When you write a book, you are suddenly perceived as an expert in whatever your book is about. Which is terrifying. And feels untrue.
I’m not an expert on anything I’ve ever written. For me, writing fiction is a way to explore things that I might not otherwise have the words for.
When I look back at the myriad of novel manuscripts I wrote as a teenager – both finished and incomplete (and all terrible) – I am struck by how much I have used fiction to understand.
When I was fourteen, I wrote a story about an unknown half sister coming home. My half sister is still unknown to me, a stranger, but the story helped me untangle my mess of feelings. It helped me understand. When I was fifteen, I wrote about parents being separated. I wrote about belonging – about the land. At sixteen, I wrote a story about mental illness. At seventeen, I wrote about religion; at eighteen, about drinking and art and – well, being eighteen. At nineteen I wrote a story about dementia – I had been living with my grandmother for ten years and by that stage she had very advanced Alzheimer’s. At twenty, I spent the year writing short stories – flickers of colour. At twenty-one, I wrote a story about drug addiction and belonging – influenced by my work in the drug and alcohol sector.
These were the things I wondered at, and so they became the things I wrote about.
When I wrote In the Quiet, I was wondering about death and motherhood and grief and family. And about the tangle of these things, against the backdrop of a small country town.
I know grief, but it is my own grief. I know family, but it is my own family. I know grief, loss and trauma theory – but what is theory? I don’t know what it is to be a mother. I don’t know what it is to lose someone in such a quick and violent way. I don’t know so much and, post-publication, the things I didn’t know seemed so much more important than the things I did know.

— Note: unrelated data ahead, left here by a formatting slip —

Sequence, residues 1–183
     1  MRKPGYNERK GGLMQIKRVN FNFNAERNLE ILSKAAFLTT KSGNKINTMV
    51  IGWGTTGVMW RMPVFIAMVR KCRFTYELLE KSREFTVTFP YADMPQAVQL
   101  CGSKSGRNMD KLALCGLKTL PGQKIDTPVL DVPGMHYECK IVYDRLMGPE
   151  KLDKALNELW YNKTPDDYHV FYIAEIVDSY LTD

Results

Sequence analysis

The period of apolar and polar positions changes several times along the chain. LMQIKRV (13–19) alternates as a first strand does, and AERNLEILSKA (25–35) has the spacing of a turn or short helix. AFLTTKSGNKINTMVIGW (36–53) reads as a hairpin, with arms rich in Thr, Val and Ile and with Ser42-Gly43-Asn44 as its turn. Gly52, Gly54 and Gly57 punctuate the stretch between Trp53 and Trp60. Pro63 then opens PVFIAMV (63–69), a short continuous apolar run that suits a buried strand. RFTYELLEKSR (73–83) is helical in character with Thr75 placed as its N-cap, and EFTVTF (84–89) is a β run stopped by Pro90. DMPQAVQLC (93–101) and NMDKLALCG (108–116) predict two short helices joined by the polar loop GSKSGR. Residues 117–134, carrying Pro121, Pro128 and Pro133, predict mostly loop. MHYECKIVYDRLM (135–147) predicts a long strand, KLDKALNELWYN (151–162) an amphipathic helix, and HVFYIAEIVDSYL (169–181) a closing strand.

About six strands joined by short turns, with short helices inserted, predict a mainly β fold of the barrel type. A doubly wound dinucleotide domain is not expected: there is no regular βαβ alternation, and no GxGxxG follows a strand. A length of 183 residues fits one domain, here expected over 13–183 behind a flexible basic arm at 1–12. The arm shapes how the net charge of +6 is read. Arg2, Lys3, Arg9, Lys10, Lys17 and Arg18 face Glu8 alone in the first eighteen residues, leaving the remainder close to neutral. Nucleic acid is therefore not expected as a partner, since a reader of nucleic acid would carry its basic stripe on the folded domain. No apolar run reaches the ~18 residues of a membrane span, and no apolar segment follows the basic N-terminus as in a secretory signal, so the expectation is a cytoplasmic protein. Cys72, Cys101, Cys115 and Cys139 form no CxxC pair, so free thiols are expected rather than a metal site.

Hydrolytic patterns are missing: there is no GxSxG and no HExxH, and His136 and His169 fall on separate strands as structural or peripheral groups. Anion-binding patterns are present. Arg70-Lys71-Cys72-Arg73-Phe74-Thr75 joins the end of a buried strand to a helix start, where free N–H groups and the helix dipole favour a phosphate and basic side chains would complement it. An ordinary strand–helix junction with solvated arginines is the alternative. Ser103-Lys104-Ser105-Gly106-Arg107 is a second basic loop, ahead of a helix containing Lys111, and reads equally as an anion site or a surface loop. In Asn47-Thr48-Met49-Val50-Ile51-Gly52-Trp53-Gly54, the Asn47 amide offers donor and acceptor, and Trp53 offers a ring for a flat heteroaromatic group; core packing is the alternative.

I didn’t know anything.
I kept telling myself this. That I didn’t know. That I still don’t know. And the panic settled like something chipped and hard, deep down in my stomach. There was this sense of being a fraud. Because, although I had dreamt this story up and written it and edited it and published it, there was still a sense that I didn’t know it the way I should. That because I couldn’t fully articulate what I had explored – because I couldn’t voice the issues in any other way than fiction, it felt like I was letting my entire story down.
It comes down to the intimacy and hidden nature of writing itself. Even if you’re writing in the most supportive, open environment imaginable, writing is still personal; it is still done alone. Even if you only write in company and even if every word you write is read.
Writing is a lonesome thing.
And I think I have pinned too much onto the time spent writing. As though it’s a sort of metamorphosis where writers become all-knowing, experts of their texts.
I didn’t feel altered by the private process of writing my story. I didn’t feel the way I imagined you should feel when you have published a book. I didn’t feel all-knowing. At the time, I didn’t feel worthy of being the voice of this story.
In the Quiet has been out for a few weeks now, and I’ve relaxed.
I realise that there is a certain knowledge that comes from exploring something so slowly, over so long. Even without the words, it is still an exploration; still a sort of understanding, even when it doesn’t feel like it is. Writing fiction is a sort of strange vicarious learning. You learn from the characters and circumstances and settings you’ve created. Writing fiction is not simply putting in – you get so much in return.
Hearing people talk about the story has sparked me; enabled me to come up with my own ways of describing how and why I have written In the Quiet the way I have.
I’ve realised that I knew more than I’d thought. And what I didn’t know? What I still don’t know? It’s okay. It’s okay to not know it all. It’s okay to be honest; to admit that I’m not sure why I wrote something the way I did. That it was an instinct, not something cognitive. I felt like I had to have the answers, but sometimes the answer is ‘I’m not sure’. That sometimes, writing emotion means you lose the cognitive; the words that flow along the story. The voiceover, describing how and why. I think that the point of writing isn’t to answer questions, but to ask them. And to listen to the answers – what people have reflected on, taken away, been moved by. Hearing the answers and realising that this story – which has existed in silence, in my mind and typed onto pages – is now a living thing, existing in the minds of others. Becoming more complex, more difficult to articulate. It’s such a wonderful, confusing thing.